One of the areas I see MPS professionals struggle with in managed print services is the area of explaining the difference between what a prospect has spent on cartridge for a period of time, versus what the professional has determined to be the toner expense based on usage. Many times they want to use the prospect’s spent amount in their assessment /review as the basis for calculating current output costs. This is a big mistake.
The assessment process is designed to capture current output costs in order to build a sound business case to outsource the responsibility of their fleet to your firm. It starts by identifying types of devices, page volumes, internal resources used to support the current fleet, current supplies on hand, current business process for cartridges, service, parts, and how new technology is acquired. Except in the case where an MPS agreement is already in place, the current costs for the prospect are fragmented and not readily known. Sometimes amount spent on cartridges is known for a period of time but this is not necessary to complete the assessment. You are looking for what they pay for each individual type of cartridge used in the output fleet. This might draw attention to what they have spent in this area for a period of time but this is not their expense based on usage for the same period of time.
A proper analysis of toner costs is to apply page volumes by device to the cartridge yield to the cost of the cartridge to determine each device’s cost. Summing all devices then determines the toner cost for the assessment period which is converted to a month’s expense. This might be very different to what the prospect believes is their monthly toner expense.
The reasons for this are many. First it is impossible to match when cartridges are purchased to when they are used. Cartridges are purchased in most cases well in advance of the need. Most companies stock on-hand extra cartridges, and since the print volumes and cartridge yields by device vary, at any point in time you do not know how full or empty a cartridge may be in each machine. Measuring toner usage based on cartridge yields and print volumes account for all the variables mentioned.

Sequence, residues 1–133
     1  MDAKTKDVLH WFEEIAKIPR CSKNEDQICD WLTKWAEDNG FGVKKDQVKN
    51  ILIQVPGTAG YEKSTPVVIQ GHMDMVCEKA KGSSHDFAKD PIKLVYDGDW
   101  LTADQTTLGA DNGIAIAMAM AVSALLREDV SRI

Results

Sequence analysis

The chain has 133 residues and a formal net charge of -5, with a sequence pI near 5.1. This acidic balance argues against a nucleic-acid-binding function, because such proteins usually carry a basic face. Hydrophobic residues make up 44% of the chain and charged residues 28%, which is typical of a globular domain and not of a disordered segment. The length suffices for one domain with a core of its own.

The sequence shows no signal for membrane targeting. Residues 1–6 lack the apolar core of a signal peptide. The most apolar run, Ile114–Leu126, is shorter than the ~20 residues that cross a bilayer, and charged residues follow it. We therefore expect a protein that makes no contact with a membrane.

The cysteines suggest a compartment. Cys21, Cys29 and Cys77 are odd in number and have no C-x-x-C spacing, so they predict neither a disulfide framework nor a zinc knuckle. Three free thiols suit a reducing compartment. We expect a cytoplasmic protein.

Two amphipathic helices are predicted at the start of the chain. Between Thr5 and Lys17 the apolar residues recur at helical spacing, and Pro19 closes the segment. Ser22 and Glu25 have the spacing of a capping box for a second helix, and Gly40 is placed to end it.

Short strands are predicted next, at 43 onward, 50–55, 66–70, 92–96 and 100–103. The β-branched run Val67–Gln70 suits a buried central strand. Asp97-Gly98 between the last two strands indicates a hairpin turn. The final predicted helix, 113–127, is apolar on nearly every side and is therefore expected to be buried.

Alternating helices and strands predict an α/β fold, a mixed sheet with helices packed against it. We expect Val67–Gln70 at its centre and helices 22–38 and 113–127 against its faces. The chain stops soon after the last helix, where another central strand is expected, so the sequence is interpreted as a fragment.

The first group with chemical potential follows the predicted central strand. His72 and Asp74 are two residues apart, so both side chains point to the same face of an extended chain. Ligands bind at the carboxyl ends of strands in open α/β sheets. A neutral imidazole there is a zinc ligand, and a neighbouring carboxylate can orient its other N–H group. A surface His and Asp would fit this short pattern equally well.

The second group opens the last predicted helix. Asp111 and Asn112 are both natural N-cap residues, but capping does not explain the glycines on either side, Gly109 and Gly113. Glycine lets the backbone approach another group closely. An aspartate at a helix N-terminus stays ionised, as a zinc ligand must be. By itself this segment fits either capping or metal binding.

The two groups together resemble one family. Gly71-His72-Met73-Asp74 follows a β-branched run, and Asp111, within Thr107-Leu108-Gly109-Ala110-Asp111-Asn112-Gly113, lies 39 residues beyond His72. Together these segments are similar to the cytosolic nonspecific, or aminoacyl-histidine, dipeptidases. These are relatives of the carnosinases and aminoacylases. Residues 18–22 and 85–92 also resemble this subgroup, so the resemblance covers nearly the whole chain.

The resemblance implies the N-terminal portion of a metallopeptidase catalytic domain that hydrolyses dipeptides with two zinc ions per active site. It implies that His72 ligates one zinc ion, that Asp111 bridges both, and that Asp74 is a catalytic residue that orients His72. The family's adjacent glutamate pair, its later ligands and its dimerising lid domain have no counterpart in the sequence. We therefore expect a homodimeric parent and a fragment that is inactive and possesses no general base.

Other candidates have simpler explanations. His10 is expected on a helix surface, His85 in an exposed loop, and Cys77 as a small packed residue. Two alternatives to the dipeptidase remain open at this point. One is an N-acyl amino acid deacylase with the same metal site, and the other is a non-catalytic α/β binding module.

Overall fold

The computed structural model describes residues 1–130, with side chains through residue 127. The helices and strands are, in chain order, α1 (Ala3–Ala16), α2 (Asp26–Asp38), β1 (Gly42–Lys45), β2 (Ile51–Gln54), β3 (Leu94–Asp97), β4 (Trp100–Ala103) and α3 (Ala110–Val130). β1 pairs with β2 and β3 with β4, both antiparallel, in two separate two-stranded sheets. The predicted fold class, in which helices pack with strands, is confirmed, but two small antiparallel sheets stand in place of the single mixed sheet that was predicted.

A similar example of this would be use of gas in a car. Let’s say a few days before a scheduled trip you filled your tank with gas. When you left on your trip, you had ¾ of a tank. Upon returning from your trip you still had a ¼ of a tank remaining. You did not buy any gas while on the trip. Was the cost of gas for this trip $0? No. While you did not buy gas during the trip, you did use the gas in your tank, let say 8 gallons. So the real expense for this trip would be $24 (at $3/gallon).
Printer usage/expense calculated based on the method described above will account for printers with low volumes, printers with high volumes and the different yields each type of cartridge produces. A very important difference when determining prospects current cost.
MPS can be very rewarding for your business but there are many pitfalls. If you would like to learn more about our approach to MPS, register for one of our workshops. The next workshop is May 10 & 11 in Chicago. You can register at http://www.bta.org/i4a/pages/index.cfm?pageid=2127. I hope to see your there.